The flight and hotel booking industries are especially notorious for using ML for this use case, but it’s accessible to e-commerce stores of all sizes and scales. ML price optimization tools can essentially take in as much information as possible, including user data, time of day, weather, time of year, competitor pricing, and length of session, and use it all to spit out the best possible price for a given product, i.e. the price that will maximize your revenue in the long term. A complex optimization process like that usually requires development of a custom ML model, by an ML consultancy of some kind, but simpler models that take fewer factors into account are often available off-the-shelf. If you’re looking to get started in Price Optimization, the best starting point is probably a non-ML approach to dynamic pricing, such as the one provided by Prisync.
Product Recommendation is another classic use case of ML, one that you’re likely familiar with already. Essentially, ML tools for product recommendation try to predict what products you might be interested in buying based on your purchasing/browsing history (by comparing it, essentially, to the history of other users and data on what they ended up buying). There are countless software providers in this space, ranging from small startups to software giants like Adobe. An overview of the space would require its own blogpost — if you’d be interested in reading that, shoot us an email at firstname.lastname@example.org, and we’ll make it happen! We do Product Recommendation research at Toucan as well, though our models need to make recommendations in the context of conversations, so they’re not quite the same as the ones described above.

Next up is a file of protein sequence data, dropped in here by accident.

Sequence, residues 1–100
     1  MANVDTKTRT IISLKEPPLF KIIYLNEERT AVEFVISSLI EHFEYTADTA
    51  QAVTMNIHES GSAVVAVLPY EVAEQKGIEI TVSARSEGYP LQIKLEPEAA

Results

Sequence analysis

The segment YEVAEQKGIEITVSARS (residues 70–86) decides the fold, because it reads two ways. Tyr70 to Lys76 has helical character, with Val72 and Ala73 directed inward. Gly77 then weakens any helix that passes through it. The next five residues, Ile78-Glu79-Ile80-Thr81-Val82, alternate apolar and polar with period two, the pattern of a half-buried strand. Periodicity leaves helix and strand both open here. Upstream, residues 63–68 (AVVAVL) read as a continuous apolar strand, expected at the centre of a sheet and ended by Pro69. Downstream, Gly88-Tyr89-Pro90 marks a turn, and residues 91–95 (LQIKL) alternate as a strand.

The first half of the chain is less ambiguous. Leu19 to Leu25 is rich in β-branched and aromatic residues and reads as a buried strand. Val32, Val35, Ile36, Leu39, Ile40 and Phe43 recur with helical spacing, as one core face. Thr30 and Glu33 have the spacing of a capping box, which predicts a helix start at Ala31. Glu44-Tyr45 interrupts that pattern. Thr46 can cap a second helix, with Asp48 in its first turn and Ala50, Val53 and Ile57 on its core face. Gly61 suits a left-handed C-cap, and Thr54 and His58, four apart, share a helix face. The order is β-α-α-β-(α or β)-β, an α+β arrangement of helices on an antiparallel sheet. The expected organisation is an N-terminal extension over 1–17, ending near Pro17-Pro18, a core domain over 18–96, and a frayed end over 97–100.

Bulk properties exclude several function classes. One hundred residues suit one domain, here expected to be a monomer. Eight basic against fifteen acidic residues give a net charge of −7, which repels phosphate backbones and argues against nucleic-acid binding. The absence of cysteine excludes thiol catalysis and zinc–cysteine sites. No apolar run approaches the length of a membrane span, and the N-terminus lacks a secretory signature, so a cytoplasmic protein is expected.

Financial Fraud Detection
Fraudulent transactions can have a crippling effect on e-commerce stores, and are estimated to cost e-commerce stores tens of billions of dollars in revenue. Scamming and fraud is a growing problem, and those who seek to perpetrate fraud are using increasingly sophisticated approaches. Luckily, methods for detecting and stopping fraud are also growing more intelligent. The instant nature of many e-commerce transactions means that relying on humans to flag fraud is often infeasible. However, ML models can analyze a number of signals in real-time and catch fraud as soon as it occurs. The fact that ML models are capable of learning patterns from incomplete data means that they can recognize fraud even when it doesn’t exactly fit a mold that they’ve seen before. By searching for anomalies, these models can flag potentially fraudulent transactions and make sure they are addressed before they cause damage to a store’s bottom line. Our favorite ML tool for fraud detection is actually one that you might already be using without knowing it: Stripe Radar, a part of Stripe’s fantastic payment-processing platform.
Fake Review Detection
In a similar vein, fake reviews are a problem that plagues e-commerce stores across the board, in ways that can have strongly negative impacts on sales. ML tools in the fake-detection space can identify which reviews exhibit the hallmarks of being auto-generated or fake and flag or remove them from review listings. We haven’t seen any compelling companies that provide this sort of review-flagging as a service to store owners, but Fakespot does a pretty good job of providing it to consumers, and there are plenty of freely available ML projects on Github that a store owner could incorporate into their storefront if they so chose.
This list is a survey of several common ML applications, but it’s far from exhaustive. Wondering if you can apply ML to a different business problem that you don’t see listed here? Basically, see if you can re-frame the problem as one of either predicting or classifying something. If you can, and if there’s sufficient data available, there’s a pretty high chance that an ML-based solution is possible. Even if data seems scarce, there might be ways to work around it that allow you to still utilize ML. There’s no doubt that in the coming years, ML-based tools will play an increasingly large role in e-commerce and serve as a key investment priority for many store owners. Might as well get a head start!
- The Toucan Team